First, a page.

OAKLAND, Calif. (KGO) -- As Bay Area roads become more congested, the CHP says drivers are resorting to drastic measures that include using dummies to shave a few minutes off their commute.
Bay Area roads are becoming more congested, so drivers are resorting to drastic measures that include using dummies to shave a few minutes off their commute. But, is it really worth it?
And some of those drivers are getting creative, especially when it comes to using the carpool lanes, but law enforcement officials say they're aware of the issue and are on the lookout for those who are breaking the rules.
With summer vacation basically over, the California Highway Patrol says the soon-to-be fall season is when drivers start seeing more congestion.
"Once you start having to rush and break the rules and try to cheat using carpool lanes, then other things are going to come into effect such as speed," said CHP Officer Ross Lee.
The other day, Oakland police responded to a report of a baby trapped inside a hot car. Upon locating the baby in the backseat they broke open the window, only to find that it was actually a fake baby.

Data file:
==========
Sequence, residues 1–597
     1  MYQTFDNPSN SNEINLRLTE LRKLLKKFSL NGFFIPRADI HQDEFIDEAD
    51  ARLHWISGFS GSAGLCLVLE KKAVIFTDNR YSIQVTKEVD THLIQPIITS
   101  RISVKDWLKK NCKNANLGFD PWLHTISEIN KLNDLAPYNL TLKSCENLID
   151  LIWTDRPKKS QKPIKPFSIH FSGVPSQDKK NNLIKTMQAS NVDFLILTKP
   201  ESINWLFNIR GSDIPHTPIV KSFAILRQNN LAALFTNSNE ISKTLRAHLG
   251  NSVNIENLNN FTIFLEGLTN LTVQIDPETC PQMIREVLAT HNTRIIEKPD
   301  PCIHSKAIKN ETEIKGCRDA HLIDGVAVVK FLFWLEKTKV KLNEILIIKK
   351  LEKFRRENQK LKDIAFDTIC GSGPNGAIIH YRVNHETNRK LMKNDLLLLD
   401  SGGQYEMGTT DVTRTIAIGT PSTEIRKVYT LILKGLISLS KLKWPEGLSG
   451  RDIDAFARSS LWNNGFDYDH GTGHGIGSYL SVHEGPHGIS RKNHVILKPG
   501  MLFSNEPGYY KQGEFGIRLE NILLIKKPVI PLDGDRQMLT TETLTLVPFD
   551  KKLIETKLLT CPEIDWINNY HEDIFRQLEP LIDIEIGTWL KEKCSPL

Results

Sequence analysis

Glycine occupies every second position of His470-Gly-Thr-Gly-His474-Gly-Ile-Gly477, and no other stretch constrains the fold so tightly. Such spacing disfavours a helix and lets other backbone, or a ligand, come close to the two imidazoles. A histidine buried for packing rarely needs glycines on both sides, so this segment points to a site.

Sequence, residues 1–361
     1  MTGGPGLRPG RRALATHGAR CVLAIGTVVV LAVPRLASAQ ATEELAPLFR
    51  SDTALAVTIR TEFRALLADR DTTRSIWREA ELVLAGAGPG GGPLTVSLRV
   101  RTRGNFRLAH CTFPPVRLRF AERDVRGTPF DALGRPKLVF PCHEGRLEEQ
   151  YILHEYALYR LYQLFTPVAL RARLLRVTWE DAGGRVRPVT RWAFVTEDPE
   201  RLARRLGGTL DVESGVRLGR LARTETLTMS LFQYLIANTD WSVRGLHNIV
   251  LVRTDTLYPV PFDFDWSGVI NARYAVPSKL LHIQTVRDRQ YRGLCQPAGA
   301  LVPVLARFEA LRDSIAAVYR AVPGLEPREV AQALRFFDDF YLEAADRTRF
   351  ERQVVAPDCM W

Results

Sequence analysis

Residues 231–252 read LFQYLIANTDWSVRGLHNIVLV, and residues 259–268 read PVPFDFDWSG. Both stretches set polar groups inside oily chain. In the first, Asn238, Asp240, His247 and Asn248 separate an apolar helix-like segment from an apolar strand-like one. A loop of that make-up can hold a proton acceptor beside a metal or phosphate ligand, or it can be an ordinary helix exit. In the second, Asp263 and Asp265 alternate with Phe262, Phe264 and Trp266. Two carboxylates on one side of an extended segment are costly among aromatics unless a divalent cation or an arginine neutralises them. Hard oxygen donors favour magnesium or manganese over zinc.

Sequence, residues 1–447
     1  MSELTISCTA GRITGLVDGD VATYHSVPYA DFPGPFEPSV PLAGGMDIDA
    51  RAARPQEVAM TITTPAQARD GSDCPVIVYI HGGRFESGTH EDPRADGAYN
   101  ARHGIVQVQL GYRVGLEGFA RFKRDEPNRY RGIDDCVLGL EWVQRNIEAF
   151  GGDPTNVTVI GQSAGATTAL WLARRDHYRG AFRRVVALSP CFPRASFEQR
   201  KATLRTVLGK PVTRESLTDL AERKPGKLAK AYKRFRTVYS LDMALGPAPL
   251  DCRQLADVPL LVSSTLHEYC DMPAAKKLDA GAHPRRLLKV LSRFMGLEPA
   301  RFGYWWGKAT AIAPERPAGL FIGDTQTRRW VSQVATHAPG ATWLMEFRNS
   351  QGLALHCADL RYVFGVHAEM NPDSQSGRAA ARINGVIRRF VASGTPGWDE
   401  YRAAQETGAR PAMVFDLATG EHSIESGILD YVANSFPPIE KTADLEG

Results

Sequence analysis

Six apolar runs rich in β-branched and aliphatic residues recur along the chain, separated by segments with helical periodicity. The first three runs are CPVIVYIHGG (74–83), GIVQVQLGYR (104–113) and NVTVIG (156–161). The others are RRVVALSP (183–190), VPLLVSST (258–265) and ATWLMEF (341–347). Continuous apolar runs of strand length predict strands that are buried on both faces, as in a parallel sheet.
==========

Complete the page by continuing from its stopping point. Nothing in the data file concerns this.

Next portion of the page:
Nowadays, more people are actually using these types of dolls to get their way into the fast lane.
In fact, ABC7 News went onto eBay on Wednesday and saw that these dummies can fetch hundreds of dollars.
The CHP warns drivers that they are trained to spot things out of the ordinary.
"Most times we have our officers in a perfect location, positioned to be able to take the enforcement action to be out there and at least be a deterrence so that people are aware we're paying attention to it," Lee said.
Concord resident Nicole Glazier takes I-680 from Concord to San Jose almost every day.
"It is exhausting," she said. "It takes me sometimes two and a half hours to get home, and it really just wears on you."
She can't believe why others would go to such great lengths to violate the rules.
"It's really frustrating to see people that are just flying by in the carpool lane without another person in their car, without a sticker, just doing it because they think they're not going to get caught," she said.
Carpool violation fines start at nearly $350.